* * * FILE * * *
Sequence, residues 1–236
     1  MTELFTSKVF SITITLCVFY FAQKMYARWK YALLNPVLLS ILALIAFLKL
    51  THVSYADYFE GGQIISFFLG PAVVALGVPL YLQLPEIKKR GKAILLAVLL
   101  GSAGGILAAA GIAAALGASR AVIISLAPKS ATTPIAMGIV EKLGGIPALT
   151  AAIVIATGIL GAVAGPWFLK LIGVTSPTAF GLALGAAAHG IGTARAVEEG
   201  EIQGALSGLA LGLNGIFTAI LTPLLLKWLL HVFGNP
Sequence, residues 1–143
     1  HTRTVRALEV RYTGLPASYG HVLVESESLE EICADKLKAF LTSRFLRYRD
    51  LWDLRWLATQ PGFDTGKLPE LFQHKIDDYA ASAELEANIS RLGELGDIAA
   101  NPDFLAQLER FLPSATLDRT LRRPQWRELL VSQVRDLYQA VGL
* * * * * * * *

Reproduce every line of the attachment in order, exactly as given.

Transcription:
Sequence, residues 1–236
     1  MTELFTSKVF SITITLCVFY FAQKMYARWK YALLNPVLLS ILALIAFLKL
    51  THVSYADYFE GGQIISFFLG PAVVALGVPL YLQLPEIKKR GKAILLAVLL
   101  GSAGGILAAA GIAAALGASR AVIISLAPKS ATTPIAMGIV EKLGGIPALT
   151  AAIVIATGIL GAVAGPWFLK LIGVTSPTAF GLALGAAAHG IGTARAVEEG
   201  EIQGALSGLA LGLNGIFTAI LTPLLLKWLL HVFGNP
Sequence, residues 1–143
     1  HTRTVRALEV RYTGLPASYG HVLVESESLE EICADKLKAF LTSRFLRYRD
    51  LWDLRWLATQ PGFDTGKLPE LFQHKIDDYA ASAELEANIS RLGELGDIAA
   101  NPDFLAQLER FLPSATLDRT LRRPQWRELL VSQVRDLYQA VGL